Pine Grove Elementary School: A Rural Black Community Rallies to Save Their Historic Schoolhouse
Send a letter to the U.S. Army Corps of Engineers urging them to require a thorough Environmental Impact Statement to evaluate all of the potential impacts to this historic school from the landfill
In 1954, just under seventy years ago, the U.S. Supreme Court ruled that racial segregation was unconstitutional in public schools in the landmark decision Brown v. Board of Education. For many Black elders who attended segregated schools as children, this historic decision is deeply personal. Muriel Branch, now 80, remembers going to Pine Grove Elementary School—located in Pine Grove, Virginia and one of the remaining Rosenwald Schools—like it was yesterday.
“Me and my siblings walked 3.5 miles one way to school in all kinds of weather,” Branch recalled. “We’d pick up our cousins and friends along the way. We all lived way off the dirt road, so when we got to those lanes we’d stop and have a call and response. We’d hooo-hooo-hooo-hooo and they’d respond to let us know they were on their way to the road to meet us. It was a lot of fun.”
While the school holds a special place in Branch’s and in the larger Pine Grove community’s memory, it is also a tribute to the importance of ensuring Black children received a quality education in the Jim Crow era. Today, Pine Grove is threatened by the proposed construction of a nearby mega-landfill, and was included on the National Trust for Historic Preservation’s list of America’s 11 Most Endangered Historic Places in 2021. The community is fighting to preserve and protect this important landmark.
Going to School in Pine Grove
Rosenwald Schools were born of a partnership between Dr. Booker T. Washington and Jewish philanthropist Julius Rosenwald. The pair built 5,357 state-of-the-art schools for Black children across the South from 1917 until 1932. About a third of rural Black children in the South were served by the schools.
Although these thousands of schools built by Washington and Rosenwald have been collectively called Rosenwald Schools, those preserving the school in Pine Grove have been calling them Tuskegee-Rosenwald Schools to honor Washington’s input, as well as that of the Black communities who sustained the schools.
“It was Dr. Washington’s vision and his training at Tuskegee that made these buildings throughout the South possible,” says Sonja Branch-Wilson, Branch’s daughter and fellow Pine Grove historian.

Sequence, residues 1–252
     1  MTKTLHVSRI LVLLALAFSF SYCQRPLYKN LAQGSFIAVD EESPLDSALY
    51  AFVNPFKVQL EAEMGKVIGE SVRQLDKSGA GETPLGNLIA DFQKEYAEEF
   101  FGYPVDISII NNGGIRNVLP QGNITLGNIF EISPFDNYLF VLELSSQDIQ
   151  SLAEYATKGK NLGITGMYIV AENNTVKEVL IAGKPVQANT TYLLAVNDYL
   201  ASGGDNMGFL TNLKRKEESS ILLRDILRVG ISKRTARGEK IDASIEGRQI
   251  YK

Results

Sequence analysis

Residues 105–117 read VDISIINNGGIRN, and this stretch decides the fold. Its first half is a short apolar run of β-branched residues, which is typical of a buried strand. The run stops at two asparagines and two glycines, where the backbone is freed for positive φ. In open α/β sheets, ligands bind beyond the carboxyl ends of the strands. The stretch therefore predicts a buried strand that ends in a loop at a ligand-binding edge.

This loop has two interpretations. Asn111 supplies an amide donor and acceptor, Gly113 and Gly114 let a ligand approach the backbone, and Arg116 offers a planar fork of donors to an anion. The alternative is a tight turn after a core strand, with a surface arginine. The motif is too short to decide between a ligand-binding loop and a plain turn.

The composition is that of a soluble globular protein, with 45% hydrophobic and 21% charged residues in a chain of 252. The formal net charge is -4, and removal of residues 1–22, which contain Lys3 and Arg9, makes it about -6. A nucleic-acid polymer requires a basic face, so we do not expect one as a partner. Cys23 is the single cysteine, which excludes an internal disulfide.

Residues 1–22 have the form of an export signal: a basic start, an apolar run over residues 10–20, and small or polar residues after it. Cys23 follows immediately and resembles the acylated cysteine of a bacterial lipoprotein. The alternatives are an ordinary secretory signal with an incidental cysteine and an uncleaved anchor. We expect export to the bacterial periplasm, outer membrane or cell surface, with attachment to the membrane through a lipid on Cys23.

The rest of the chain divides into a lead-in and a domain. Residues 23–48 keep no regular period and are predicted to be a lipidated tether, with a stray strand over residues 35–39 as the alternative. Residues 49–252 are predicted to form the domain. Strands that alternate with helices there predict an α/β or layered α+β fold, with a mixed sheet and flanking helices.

Branch’s memories paint a picture of what the Tuskegee-Rosenwald Schools looked like: “It was a two-room school and we only had one teacher,” Branch says. “We didn’t have indoor plumbing or central heat, so we had to bring in the water from the spring and make sure we kept the fire going in the potbelly stove all day.” Branch went on to say that your seating was determined by your grade, and that often there would be “serendipitous learning, because once you completed your assignment you were busy listening to the older children. So we were doing peer teaching before peer teaching became a buzzword in education.”
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Preserving Pine Grove Elementary
Following the Brown v. Board decision in 1954, most of the Rosenwald Schools closed as states—some of whom were forced to comply—integrated their formerly white-only schools, eliminating the need for schools solely for Black students. Some Rosenwald Schools were repurposed for other uses, such as community centers, but the majority were demolished or fell into disrepair. Out of the more than 5,000 schools, it’s estimated that only 10 percent remain.
“Tuskegee-Rosenwald schools represent the dreams and aspirations of entire African American communities. Pine Grove Elementary continues to act as a symbol of hope and its community’s demand for a better future,” says Lawana Holland-Moore, director of fellowships and interpretive strategies of the National Trust’s African American Cultural Heritage Action Fund.
Even though it was no longer being used as a school, Pine Grove Elementary remained very important to the community. Once the building was decommissioned as a school in 1964, it was used as a community center, including for voter registration and NAACP work, and has been saved twice by alumni of previous generations who wanted to keep the school as a gathering place.